A Cuban practice exported to Europe
By the time Christopher Columbus landed in Cuba in 1492, locals had been smoking tobacco for centuries. They called the tobacco plant “cohiba,” and used to roll its leaves in maize or palm leaves before smoking.
This early form of cigar intrigued Columbus, and he took some tobacco to Spain. Before long the Spanish were doing a roaring trade in tobacco as cigars became fashionable throughout the Old World, making huge profits in the process. Interestingly the cigar factories of the time were built in Spain, not in Cuba itself, with the first cigar factories starting production in 1676.
Free trade allowed the market to boom
By the late 18th century it was acknowledged that finished cigars survived the transatlantic voyage much better than the leaf, and cigar factories were set up in Cuba. By 1810, Cuban cigar brands were registering for trademarks and the industry took off when Fernando VII of Spain allowed free trade for the island in 1817.
Cuban cigars were now exported around the world by steamship, and industry boomed. The fashion for cigars led to them being associated with wealth and power, an association that continues to this day despite the acknowledged health risks.
A turbulent recent history
Major growing areas for Cuban tobacco are centred around Pinar del Rio province, in particular the tourist town of Vinales. Following the revolution there was a period of turbulence as the industry was nationalized, but economic assistance from the Soviet Union helped to get things going again. In fact, cigar quality increased with strict government supervision and the early 1990s was a golden era for Cuban cigars.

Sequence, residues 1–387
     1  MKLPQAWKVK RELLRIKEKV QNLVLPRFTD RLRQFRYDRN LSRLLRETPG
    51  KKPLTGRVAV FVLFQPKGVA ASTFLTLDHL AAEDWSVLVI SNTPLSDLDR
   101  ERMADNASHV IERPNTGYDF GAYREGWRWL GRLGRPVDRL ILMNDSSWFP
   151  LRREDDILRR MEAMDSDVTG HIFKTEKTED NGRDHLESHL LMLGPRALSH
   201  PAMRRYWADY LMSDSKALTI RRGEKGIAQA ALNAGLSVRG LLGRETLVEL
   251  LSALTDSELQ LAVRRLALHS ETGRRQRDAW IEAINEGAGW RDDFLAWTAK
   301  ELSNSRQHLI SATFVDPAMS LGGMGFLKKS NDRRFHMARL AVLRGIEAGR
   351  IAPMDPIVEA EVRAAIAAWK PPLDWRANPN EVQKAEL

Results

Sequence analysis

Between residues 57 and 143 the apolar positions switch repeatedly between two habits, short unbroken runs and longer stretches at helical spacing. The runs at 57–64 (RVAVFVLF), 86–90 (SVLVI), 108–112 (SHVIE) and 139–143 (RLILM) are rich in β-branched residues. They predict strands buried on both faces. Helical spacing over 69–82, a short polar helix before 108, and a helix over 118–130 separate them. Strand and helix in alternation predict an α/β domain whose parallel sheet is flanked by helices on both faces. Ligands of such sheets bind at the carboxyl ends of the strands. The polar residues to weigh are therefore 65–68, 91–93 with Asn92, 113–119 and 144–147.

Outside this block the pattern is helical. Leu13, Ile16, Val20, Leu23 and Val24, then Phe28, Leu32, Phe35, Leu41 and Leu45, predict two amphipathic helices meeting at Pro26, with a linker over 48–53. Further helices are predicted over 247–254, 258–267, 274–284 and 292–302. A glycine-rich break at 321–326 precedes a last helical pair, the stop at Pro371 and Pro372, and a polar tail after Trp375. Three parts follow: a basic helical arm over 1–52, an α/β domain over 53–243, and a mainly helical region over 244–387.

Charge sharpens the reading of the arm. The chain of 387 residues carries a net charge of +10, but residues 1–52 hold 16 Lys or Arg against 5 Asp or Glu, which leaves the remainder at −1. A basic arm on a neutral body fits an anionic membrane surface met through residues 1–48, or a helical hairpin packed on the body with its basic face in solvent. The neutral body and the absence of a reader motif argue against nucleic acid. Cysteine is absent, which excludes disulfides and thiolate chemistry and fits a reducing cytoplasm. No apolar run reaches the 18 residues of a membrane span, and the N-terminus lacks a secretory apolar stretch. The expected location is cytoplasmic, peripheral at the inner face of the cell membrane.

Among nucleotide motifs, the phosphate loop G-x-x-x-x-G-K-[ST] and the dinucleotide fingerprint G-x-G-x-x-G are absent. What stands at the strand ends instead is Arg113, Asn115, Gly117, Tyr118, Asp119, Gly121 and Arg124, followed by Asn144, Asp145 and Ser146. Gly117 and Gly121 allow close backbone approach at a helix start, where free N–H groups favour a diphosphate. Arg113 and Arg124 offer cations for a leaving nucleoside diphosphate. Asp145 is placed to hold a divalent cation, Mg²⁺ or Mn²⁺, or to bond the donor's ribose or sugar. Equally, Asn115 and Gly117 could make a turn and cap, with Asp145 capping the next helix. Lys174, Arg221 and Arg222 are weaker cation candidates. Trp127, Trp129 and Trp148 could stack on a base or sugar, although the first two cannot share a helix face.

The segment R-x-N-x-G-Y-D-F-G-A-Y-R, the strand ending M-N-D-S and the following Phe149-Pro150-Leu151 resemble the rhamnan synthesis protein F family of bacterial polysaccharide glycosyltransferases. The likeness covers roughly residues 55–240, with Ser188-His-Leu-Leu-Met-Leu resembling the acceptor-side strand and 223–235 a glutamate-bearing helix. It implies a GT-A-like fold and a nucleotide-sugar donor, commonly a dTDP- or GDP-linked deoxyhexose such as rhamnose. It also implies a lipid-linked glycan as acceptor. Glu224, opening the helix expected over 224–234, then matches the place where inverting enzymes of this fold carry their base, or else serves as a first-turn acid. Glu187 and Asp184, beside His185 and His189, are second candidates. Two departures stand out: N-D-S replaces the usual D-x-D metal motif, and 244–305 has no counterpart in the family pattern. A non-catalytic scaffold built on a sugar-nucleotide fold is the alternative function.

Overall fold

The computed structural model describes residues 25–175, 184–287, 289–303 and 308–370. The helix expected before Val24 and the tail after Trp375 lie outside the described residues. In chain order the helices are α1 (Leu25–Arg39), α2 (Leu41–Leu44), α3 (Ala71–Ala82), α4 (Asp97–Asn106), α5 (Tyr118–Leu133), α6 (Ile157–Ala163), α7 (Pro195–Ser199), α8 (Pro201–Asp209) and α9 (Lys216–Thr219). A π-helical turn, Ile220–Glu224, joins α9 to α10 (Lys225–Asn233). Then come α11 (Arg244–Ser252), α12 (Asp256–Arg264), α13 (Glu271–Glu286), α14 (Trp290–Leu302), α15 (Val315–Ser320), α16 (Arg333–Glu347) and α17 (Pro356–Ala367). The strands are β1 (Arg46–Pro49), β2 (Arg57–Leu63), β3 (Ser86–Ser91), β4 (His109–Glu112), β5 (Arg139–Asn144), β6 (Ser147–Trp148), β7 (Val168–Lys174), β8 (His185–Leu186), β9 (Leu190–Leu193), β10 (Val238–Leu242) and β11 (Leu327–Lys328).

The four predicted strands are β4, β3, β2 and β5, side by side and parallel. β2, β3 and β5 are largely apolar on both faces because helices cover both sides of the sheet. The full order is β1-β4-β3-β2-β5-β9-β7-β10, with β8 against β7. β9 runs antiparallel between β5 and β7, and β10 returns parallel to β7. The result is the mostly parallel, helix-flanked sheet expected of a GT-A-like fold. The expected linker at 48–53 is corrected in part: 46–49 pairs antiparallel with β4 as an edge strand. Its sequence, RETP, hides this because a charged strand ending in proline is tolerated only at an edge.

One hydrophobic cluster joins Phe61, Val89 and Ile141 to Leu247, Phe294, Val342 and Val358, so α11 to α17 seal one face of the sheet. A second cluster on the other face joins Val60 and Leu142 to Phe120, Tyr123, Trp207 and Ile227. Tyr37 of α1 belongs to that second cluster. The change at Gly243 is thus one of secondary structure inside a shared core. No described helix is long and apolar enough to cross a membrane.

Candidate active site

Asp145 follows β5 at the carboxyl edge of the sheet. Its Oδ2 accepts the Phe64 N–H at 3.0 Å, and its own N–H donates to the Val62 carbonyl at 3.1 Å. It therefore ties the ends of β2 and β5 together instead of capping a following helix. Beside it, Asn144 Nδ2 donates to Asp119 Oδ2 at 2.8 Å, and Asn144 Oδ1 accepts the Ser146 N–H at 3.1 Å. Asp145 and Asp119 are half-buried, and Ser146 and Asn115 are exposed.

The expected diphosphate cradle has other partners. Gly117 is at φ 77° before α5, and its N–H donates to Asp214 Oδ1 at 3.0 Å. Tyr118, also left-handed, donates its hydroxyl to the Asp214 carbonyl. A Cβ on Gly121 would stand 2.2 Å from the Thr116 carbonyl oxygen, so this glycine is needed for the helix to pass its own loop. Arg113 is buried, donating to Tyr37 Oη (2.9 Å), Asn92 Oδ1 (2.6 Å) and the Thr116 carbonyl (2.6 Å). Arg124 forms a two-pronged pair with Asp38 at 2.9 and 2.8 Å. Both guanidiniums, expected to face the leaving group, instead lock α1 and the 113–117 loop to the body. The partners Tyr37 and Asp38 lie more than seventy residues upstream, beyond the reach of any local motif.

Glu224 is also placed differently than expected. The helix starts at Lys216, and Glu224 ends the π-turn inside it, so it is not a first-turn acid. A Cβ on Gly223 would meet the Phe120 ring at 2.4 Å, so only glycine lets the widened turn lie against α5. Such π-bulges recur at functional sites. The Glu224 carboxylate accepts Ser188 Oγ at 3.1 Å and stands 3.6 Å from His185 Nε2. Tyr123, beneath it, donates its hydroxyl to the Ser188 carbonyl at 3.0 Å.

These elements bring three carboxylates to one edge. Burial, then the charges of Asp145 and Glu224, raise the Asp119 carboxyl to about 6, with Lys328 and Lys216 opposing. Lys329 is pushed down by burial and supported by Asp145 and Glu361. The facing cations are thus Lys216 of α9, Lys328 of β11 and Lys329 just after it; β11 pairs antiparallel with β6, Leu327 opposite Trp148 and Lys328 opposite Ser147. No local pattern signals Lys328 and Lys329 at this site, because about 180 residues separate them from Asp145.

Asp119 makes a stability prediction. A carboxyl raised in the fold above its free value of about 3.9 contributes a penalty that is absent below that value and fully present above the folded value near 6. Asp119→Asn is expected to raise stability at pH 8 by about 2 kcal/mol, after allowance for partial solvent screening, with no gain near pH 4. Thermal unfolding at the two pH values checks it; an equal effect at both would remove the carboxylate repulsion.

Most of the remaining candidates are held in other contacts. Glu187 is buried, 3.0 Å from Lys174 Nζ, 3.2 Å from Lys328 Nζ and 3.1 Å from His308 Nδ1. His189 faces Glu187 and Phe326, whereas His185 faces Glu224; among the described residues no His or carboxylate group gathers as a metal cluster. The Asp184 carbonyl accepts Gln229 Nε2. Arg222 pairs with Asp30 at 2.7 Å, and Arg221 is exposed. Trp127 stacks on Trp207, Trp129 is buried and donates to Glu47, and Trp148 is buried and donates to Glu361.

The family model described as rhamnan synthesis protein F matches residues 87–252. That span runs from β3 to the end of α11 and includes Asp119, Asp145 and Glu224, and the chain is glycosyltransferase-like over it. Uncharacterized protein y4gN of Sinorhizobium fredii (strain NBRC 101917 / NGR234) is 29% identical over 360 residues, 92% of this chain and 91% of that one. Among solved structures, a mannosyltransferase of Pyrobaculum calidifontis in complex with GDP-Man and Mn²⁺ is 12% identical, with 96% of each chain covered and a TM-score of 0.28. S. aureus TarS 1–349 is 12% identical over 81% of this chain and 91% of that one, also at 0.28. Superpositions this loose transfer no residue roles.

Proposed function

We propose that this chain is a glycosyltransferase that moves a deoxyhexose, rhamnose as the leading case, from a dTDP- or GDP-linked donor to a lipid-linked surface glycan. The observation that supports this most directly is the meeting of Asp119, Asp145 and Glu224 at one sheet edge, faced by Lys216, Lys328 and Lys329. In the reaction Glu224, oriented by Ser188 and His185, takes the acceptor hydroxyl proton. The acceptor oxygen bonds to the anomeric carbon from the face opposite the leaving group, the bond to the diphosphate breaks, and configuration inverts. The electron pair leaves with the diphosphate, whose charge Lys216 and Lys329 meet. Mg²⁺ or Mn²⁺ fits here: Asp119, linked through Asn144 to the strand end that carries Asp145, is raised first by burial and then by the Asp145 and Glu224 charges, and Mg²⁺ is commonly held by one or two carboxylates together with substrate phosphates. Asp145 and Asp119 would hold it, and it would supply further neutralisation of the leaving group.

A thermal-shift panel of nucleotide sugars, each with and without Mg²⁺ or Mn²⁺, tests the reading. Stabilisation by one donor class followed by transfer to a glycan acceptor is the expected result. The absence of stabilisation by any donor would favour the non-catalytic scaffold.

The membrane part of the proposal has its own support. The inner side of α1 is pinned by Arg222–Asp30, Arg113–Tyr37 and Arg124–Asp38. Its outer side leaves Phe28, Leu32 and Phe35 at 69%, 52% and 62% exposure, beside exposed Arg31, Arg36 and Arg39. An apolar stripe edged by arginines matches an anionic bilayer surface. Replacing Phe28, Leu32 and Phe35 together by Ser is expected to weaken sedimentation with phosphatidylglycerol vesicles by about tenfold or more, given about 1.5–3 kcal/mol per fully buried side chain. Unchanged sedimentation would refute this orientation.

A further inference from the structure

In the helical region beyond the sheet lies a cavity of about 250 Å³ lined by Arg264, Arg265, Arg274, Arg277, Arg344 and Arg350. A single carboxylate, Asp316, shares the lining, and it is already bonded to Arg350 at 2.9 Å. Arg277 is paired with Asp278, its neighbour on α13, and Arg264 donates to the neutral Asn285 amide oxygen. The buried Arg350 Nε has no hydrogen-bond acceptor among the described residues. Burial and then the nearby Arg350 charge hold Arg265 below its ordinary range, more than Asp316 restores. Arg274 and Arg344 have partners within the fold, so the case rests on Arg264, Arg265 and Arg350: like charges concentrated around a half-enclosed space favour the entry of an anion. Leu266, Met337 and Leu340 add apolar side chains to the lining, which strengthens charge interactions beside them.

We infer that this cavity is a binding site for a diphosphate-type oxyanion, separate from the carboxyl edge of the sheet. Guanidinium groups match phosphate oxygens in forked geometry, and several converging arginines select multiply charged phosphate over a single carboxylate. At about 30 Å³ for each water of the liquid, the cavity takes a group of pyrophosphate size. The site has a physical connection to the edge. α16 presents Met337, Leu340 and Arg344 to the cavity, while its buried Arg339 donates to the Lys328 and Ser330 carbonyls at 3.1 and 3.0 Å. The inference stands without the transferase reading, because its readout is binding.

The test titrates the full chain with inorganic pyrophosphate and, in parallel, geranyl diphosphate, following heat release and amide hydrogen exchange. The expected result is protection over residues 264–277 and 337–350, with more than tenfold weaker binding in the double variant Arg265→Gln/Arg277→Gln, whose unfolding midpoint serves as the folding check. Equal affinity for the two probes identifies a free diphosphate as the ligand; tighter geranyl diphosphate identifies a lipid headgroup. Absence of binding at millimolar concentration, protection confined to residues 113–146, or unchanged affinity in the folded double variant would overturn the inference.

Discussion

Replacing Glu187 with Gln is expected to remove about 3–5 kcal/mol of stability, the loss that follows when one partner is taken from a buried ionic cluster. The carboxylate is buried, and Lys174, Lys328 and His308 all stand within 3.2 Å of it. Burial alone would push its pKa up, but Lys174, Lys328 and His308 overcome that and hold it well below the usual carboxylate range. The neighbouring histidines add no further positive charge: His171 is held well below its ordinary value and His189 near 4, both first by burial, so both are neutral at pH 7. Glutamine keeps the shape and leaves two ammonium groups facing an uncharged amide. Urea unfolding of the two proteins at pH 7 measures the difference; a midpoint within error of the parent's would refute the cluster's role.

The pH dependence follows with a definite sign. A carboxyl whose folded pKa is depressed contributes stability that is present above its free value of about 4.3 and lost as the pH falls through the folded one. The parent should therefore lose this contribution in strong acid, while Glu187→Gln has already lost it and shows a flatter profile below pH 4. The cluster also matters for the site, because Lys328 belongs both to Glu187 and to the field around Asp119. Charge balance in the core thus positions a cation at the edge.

Unfortunately the subsidies stopped when the Soviet Union collapsed and Cuba suffered during the so-called Special Period. Tobacco farmers had to deal with shortages of fuel and fertilizer, a run of bad weather, failed attempts at growing new tobacco hybrids, and schemes to boost production that ultimately backfired. Planting in unsuitable areas, changes to the processing of tobacco and the employment of poorly trained staff combined to make the quality of Cuban cigars decrease significantly.
A living industry
However things have improved again since hitting a nadir in 2002. A return to traditional techniques has seen quality climb back to previous levels, and cigar aficionados are once again clamouring for Cuban tobacco.
To this day you can visit the farms to see how tobacco gets from field to cigar. The best place to do so is Vinales, where you can go and see small producers. If you’re lucky they might even sell you some of their stock at bargain prices.